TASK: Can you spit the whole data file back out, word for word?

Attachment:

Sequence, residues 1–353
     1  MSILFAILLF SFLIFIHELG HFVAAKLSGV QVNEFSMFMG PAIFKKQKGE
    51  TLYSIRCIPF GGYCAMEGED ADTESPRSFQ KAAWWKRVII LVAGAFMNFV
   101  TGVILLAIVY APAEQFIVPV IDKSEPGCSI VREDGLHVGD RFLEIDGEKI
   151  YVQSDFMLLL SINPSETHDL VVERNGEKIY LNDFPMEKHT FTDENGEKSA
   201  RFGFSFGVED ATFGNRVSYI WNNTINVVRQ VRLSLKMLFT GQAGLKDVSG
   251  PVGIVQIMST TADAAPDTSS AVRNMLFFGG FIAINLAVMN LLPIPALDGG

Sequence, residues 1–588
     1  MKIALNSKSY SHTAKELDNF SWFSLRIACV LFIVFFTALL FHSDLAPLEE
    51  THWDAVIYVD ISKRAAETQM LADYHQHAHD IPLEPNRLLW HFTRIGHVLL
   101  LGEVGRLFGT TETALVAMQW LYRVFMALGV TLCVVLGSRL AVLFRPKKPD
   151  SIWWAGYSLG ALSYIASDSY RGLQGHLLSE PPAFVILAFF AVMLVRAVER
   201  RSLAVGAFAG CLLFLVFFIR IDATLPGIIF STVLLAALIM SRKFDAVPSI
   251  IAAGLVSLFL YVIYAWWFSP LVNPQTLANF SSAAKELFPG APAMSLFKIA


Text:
Sequence, residues 1–353
     1  MSILFAILLF SFLIFIHELG HFVAAKLSGV QVNEFSMFMG PAIFKKQKGE
    51  TLYSIRCIPF GGYCAMEGED ADTESPRSFQ KAAWWKRVII LVAGAFMNFV
   101  TGVILLAIVY APAEQFIVPV IDKSEPGCSI VREDGLHVGD RFLEIDGEKI
   151  YVQSDFMLLL SINPSETHDL VVERNGEKIY LNDFPMEKHT FTDENGEKSA
   201  RFGFSFGVED ATFGNRVSYI WNNTINVVRQ VRLSLKMLFT GQAGLKDVSG
   251  PVGIVQIMST TADAAPDTSS AVRNMLFFGG FIAINLAVMN LLPIPALDGG

Sequence, residues 1–588
     1  MKIALNSKSY SHTAKELDNF SWFSLRIACV LFIVFFTALL FHSDLAPLEE
    51  THWDAVIYVD ISKRAAETQM LADYHQHAHD IPLEPNRLLW HFTRIGHVLL
   101  LGEVGRLFGT TETALVAMQW LYRVFMALGV TLCVVLGSRL AVLFRPKKPD
   151  SIWWAGYSLG ALSYIASDSY RGLQGHLLSE PPAFVILAFF AVMLVRAVER
   201  RSLAVGAFAG CLLFLVFFIR IDATLPGIIF STVLLAALIM SRKFDAVPSI
   251  IAAGLVSLFL YVIYAWWFSP LVNPQTLANF SSAAKELFPG APAMSLFKIA